One of the critical parts of outsourcing is selecting who to hire. At GrabContent, we get 50-70 applicants for a single job posting. It’s important to decide up front what is important to your business. Doing so will set you up for finding the best match as well as help you avoid wasting precious time.

Before you even fire up the computer, decide on the 3-5 most important attributes of a successful worker in your business. You will attract better matches when your job listing describes what is important in a new recruit. It will also help make filtering through all the applicants significantly easier.

Especially in today’s economy, you’ll no doubt have a lot of people respond to your job opportunity. You need to remember all along the way the things that matter most to your business. One of the things that is important for us is that our writers pay extremely close attention to detail. When we create a job listing, we state in the first sentence that that’s what we’re looking for. Then we proceed to state the exact steps that they need to take to be considered. It always surprises me at how many people don’t follow our directions, even when we’ve stated in the first sentence that we won’t consider anybody who doesn’t follow all the directions. Because we embed a test into the application process, we’re able to weed out in just a matter of seconds about 80% of the applicants.

Be up front with your applicants. For me this means highlighting the advantages of working with your company as well as disclosing the significant disadvantages. Although some might not agree, I like to state a salary range directly in the job posting and outline what it takes to get raises. Sure, this gives the other person a slight advantage in negotiations, but it also reduces the time spent on back-and-forth on every project. This will allow you both to spend more time on what matters most–your product.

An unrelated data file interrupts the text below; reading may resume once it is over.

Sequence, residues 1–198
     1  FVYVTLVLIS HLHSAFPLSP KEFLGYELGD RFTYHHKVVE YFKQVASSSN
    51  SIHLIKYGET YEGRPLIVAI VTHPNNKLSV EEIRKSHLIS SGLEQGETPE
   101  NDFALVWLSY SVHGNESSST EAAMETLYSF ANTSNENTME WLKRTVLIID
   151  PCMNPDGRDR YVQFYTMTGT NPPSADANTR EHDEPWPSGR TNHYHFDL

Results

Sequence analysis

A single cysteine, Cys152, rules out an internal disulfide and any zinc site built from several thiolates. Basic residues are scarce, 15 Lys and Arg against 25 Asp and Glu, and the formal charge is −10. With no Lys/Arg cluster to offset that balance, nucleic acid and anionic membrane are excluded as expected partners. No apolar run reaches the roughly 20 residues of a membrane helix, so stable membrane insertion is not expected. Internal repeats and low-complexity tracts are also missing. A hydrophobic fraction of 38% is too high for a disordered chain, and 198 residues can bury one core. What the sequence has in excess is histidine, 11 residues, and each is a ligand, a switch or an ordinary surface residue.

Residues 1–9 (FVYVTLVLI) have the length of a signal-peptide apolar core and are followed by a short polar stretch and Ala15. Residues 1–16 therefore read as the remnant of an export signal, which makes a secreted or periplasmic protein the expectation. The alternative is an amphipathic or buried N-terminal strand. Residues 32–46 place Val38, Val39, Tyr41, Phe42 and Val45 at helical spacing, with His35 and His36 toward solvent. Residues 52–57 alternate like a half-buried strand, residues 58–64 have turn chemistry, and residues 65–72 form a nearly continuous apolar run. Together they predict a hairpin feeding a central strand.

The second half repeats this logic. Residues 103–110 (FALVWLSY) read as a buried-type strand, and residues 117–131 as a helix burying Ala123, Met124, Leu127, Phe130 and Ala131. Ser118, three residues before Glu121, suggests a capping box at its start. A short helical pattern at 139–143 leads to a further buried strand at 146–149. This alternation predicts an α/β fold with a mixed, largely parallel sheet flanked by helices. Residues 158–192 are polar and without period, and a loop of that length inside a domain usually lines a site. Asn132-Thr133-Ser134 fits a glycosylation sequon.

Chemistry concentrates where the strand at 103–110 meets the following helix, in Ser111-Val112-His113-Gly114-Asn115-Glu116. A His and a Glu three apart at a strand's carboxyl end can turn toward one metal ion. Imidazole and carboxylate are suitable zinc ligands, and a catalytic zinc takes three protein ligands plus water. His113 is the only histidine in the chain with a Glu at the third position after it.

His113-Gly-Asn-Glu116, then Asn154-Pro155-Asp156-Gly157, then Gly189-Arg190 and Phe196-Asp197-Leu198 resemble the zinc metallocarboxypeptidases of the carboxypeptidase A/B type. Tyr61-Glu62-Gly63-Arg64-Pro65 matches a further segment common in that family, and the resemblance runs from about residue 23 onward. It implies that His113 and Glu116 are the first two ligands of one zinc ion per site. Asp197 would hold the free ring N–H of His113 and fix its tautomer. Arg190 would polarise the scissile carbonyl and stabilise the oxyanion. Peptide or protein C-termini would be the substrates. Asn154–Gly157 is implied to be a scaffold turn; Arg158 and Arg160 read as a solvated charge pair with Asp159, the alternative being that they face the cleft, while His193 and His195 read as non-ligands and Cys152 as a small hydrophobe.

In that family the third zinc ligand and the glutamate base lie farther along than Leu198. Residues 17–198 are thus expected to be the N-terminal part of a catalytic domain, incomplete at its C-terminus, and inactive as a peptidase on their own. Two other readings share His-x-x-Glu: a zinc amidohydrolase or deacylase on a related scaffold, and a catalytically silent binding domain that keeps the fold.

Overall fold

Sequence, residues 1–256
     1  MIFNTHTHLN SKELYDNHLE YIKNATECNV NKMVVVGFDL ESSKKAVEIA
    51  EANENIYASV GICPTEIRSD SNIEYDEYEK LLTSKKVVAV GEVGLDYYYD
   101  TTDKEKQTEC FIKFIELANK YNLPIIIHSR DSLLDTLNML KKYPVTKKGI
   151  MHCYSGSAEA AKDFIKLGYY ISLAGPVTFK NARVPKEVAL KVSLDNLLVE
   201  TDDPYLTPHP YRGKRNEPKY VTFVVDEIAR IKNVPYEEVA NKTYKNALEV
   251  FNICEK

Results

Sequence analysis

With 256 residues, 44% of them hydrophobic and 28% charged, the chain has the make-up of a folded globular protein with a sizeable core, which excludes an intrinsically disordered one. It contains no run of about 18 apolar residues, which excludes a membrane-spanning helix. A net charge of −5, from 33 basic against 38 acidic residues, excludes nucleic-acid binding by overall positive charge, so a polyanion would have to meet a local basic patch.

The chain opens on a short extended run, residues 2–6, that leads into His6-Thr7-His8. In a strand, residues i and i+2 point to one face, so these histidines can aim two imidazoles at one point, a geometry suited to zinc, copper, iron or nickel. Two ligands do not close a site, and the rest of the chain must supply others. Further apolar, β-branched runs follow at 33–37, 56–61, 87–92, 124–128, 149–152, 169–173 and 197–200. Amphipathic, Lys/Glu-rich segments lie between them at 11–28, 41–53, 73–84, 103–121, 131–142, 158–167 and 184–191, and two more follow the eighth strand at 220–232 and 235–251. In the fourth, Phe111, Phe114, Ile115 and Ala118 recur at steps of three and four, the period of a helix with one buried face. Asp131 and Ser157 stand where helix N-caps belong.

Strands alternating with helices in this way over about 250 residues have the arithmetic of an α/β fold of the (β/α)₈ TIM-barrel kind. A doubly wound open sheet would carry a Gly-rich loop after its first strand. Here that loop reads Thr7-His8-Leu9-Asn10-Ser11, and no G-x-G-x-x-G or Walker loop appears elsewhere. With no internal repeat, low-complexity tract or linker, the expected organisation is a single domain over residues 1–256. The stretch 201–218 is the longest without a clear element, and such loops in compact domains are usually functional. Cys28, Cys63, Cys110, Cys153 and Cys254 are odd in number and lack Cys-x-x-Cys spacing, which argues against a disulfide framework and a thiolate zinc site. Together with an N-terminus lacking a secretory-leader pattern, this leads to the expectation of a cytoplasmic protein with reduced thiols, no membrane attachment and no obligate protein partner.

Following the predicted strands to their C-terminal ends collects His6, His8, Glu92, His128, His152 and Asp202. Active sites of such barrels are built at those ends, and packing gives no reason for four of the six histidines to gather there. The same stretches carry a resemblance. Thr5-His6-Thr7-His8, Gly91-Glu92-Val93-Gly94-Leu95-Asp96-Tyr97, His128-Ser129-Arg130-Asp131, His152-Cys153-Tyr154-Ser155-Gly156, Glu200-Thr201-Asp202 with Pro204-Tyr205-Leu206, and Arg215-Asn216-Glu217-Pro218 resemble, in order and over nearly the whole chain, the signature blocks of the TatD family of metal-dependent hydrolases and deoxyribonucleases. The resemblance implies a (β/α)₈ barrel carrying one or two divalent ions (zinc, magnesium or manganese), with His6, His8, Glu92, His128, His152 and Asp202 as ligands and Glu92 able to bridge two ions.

I’ll be honest–I haven’t been writing here as often as I’d like. Things have gotten busy with my job and all of the little projects I’ve been working on. But as of this post, I vow to do better!

Back in February, my friend and I started a business that we named GrabContent. In a nutshell, we create custom, search engine optimized articles in order to help our customers improve their websites’ organic traffic. You’re probably wondering why we’re doing this and how we plan to compete against the jillions of other writers in the world. The current problem is that it takes quite a bit of turnaround time when you need large numbers of articles, and you don’t want to sacrifice the quality of the writing. We’ve got a few tricks up our sleeves to solve these problems without charging more.

I won’t reveal our secret sauce, but in the next few blog posts, I’ll talk about some of the things we’ve learned along the way. I’m hoping to be able to talk about how to select writers, what writers can improve on, and how we’re managing our technology back end.

A few months ago, I did a build of the STFW Pidgin plugin for Windows. Recently I started using Ubuntu but found that STFW didn’t work on my system. So I did a 64-bit build of the plugin for Pidgin 2.6.x. Here it is!

To install, just copy that file over to /usr/lib64/purple-2/ . If you don’t have root access, copy it to ~/.purple/plugins/ instead. Then restart Pidgin, enable the plugin, and you’re good to go!

About this blog

I'm Jon Chin. I love technology, food, and learning. I served a mission in the Philippines and loved it. You probably can't type on my keyboard because I don't have qwerty installed--I use Colemak. I'm obsessed with learning about North Korea and abandoned anything.